The curious history of the Almeida Theatre

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The influential Islington theatre is featured in a new book by Michael Coveney. Photography by Peter Dazeley


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Stage at Almeida Theatre. Photo: Peter Dazeley
Whereas the Victorian and Edwardian theatres of the West End are recovered relics of a golden age of theatrical architecture, the Almeida is a modernised and imaginative response to another kind of early Victorian 1837 establishment, a lecture hall, for the neighbourhood’s Scientific and Literary Institution. Its handsomely proportioned, unadorned white frontage of stern columns and tall windows is a step away from the main road, Upper Street, running between Highbury Corner and the Angel.

The seating bank in the 600-seat amphitheatre-like lecture hall was where the theatre’s curved back brick wall now encloses the stage action. The upper floor, now the circle area, housed a small natural history museum, committee room and library; the basement, where now there are dressing rooms and the wardrobe, had a small warren of study rooms and caretaker’s quarters.

The institute was dissolved in 1872 and its assets sold off. The new owners opened a club for local gentlemen to read newspapers and play billiards, but by 1890 the place was commandeered by the Salvation Army as a new citadel, and they removed all the smaller rooms and the division of two floors, creating something more like the present arrangement with a large hall facing the curved wall, and a new balcony.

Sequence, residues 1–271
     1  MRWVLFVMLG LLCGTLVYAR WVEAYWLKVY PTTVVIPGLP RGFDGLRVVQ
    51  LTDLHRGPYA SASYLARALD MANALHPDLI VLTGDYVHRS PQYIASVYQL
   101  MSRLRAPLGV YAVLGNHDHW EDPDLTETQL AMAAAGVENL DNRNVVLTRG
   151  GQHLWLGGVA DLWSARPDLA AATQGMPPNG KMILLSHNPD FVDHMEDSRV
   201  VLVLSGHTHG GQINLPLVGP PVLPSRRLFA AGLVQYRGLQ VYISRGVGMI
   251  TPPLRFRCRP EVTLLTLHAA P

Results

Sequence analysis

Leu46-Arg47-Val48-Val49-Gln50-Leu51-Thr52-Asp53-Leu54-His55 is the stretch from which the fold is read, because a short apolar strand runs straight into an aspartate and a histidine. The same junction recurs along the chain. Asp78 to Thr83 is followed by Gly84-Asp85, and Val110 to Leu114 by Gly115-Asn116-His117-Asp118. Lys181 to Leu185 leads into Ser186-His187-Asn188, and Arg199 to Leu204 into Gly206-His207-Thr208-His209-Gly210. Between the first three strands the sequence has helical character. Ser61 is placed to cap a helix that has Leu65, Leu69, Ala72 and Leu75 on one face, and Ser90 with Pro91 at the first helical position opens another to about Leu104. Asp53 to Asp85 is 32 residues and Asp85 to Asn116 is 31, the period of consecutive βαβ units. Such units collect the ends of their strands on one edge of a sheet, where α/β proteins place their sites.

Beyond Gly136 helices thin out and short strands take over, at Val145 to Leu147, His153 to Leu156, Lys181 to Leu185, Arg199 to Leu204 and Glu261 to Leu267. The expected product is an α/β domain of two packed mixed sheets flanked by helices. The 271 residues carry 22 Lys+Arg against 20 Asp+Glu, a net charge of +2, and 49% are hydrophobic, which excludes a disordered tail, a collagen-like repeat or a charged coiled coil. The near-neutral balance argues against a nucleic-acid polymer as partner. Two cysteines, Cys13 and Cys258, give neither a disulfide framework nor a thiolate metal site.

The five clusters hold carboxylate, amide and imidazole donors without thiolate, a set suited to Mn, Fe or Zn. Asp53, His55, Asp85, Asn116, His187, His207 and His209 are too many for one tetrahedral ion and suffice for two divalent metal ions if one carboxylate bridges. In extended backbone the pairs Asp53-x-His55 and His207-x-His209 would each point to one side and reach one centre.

The Salvation Army moved out in 1956, selling the premises to a local businessman, Mr Beck, who packed carnival novelties –and sold and hired out fancy dress attire and circus equipment; this was the warehouse and despatch centre for his nearby shop on Upper Street.

As the building fell into disrepair in the 1960s, new owners were sought – theatre companies were mooted – but Mr Beck himself, a secret transvestite, was murdered in 1971 in his cottage in Wales by his brother-in-law; the press cited his links with mobsters and cross-dressers in the criminal underworld, and the business closed down.

After local residents fought to save the building from demolition, Beck’s derelict emporium was bought and ‘rediscovered’ by the director Pierre Audi and two university friends, Will Bowen and Chris Naylor, in the mid-1970s.

The Almeida Theatre Company was launched at the Edinburgh Festival in 1979 and the building finally opened as the Almeida Theatre in 1981 with a Grade II listing and a series of stark, and startling, productions of classics, visiting companies such as Shared Experience and Complicite, and a contemporary music festival.

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This is an edited extract from London Theatres (£30), by Michael Coveney and Peter Dazeley, published by Frances Lincoln.

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